People with eating disorders become fixated on minor issues, especially anything about food and their body. They tend to stick to consistent patterns and schedules. For example, Eating Disorders Victoria states that some people may insist on eating meals at a certain time, only using a certain utensil or only drinking out of a certain cup. Hence the perfectionism McCue experienced.


Eating disorders have the highest mortality rate of any mental disorder, according to ANAD, where
 every 62 minutes, someone dies as a direct result of an eating disorder.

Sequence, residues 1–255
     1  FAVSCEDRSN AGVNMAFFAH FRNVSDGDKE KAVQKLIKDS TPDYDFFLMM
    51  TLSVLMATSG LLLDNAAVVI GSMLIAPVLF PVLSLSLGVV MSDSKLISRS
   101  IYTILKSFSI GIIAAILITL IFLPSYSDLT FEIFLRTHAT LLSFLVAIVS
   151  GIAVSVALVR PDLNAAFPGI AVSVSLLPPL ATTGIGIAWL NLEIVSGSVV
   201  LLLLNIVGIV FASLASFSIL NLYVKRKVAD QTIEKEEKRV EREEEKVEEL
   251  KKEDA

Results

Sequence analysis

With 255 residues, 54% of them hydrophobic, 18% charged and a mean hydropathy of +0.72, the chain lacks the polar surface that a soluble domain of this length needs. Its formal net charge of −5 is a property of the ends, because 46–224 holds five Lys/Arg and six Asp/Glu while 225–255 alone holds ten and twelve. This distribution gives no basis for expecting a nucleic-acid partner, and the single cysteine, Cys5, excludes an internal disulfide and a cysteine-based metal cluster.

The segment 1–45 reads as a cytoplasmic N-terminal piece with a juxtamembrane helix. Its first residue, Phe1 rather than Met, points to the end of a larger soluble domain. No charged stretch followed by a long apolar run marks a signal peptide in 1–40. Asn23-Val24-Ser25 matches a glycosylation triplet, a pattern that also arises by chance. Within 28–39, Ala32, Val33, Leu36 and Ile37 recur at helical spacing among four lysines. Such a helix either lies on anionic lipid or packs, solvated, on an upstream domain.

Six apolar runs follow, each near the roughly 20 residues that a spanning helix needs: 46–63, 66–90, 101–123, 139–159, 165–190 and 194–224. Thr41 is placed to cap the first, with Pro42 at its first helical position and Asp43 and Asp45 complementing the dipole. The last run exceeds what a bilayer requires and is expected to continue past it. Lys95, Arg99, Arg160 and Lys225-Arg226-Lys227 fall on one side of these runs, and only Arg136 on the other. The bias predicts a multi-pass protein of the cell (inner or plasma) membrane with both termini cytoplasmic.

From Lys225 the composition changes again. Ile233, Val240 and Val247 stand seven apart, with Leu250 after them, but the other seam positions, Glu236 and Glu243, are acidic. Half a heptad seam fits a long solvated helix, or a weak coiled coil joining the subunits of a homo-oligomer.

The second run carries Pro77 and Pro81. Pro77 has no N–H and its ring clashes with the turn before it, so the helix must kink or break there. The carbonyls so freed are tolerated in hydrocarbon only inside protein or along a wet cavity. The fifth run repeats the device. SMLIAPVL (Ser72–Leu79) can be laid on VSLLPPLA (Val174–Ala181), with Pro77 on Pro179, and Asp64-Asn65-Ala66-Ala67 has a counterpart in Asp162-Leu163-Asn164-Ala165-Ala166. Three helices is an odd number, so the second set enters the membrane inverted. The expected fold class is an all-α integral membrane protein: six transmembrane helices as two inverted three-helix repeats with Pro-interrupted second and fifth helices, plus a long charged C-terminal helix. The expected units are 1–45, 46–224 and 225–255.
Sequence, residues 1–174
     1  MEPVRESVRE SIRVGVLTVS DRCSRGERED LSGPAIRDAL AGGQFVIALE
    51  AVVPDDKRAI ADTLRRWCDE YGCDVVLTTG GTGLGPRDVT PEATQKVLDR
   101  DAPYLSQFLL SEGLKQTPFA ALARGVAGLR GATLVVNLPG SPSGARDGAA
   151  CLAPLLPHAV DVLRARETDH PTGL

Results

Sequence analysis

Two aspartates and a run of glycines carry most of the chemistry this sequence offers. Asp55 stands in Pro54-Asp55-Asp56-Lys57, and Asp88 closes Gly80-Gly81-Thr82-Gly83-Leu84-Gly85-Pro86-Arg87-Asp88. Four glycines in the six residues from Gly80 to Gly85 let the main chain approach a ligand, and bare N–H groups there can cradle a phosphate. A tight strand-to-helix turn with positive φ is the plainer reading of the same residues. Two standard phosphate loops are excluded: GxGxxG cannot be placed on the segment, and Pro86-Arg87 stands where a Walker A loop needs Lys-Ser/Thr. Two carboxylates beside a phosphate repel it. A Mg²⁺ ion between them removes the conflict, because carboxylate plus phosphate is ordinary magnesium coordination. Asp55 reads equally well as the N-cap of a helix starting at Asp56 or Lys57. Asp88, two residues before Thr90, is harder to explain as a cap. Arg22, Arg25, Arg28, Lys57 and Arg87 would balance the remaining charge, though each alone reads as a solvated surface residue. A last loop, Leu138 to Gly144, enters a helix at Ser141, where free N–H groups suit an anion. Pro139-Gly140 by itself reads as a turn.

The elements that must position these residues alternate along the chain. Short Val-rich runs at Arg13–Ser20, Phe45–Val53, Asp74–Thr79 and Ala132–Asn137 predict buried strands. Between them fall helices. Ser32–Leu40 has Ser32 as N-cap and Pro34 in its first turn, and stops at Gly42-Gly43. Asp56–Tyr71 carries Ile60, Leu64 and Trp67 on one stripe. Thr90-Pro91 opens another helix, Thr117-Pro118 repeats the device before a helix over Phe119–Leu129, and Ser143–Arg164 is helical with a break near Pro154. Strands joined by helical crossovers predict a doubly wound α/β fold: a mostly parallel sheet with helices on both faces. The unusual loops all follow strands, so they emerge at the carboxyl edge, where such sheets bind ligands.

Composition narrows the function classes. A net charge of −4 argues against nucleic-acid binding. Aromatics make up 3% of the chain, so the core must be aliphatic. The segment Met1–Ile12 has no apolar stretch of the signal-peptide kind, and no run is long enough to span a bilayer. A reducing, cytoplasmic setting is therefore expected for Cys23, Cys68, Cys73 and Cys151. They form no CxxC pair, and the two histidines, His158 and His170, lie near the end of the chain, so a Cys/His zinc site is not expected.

According to the National Eating Disorder Association, an estimated 30 million American men and women will suffer from an eating disorder at some point in their lives.

The National Association of Anorexia Nervosa and Associated Disorders says it has “heard time and time again that people have been told that they did not have an eating disorder because their weight was not low enough or because they were not a young, white female. ANAD wants you to listen to your own feelings and body. If you think you have an eating disorder, you most likely do.”

 “Eating disorders don’t discriminate,” McCue stresses. “Eating disorders are about the illusion of control– controlling food, body and pain.”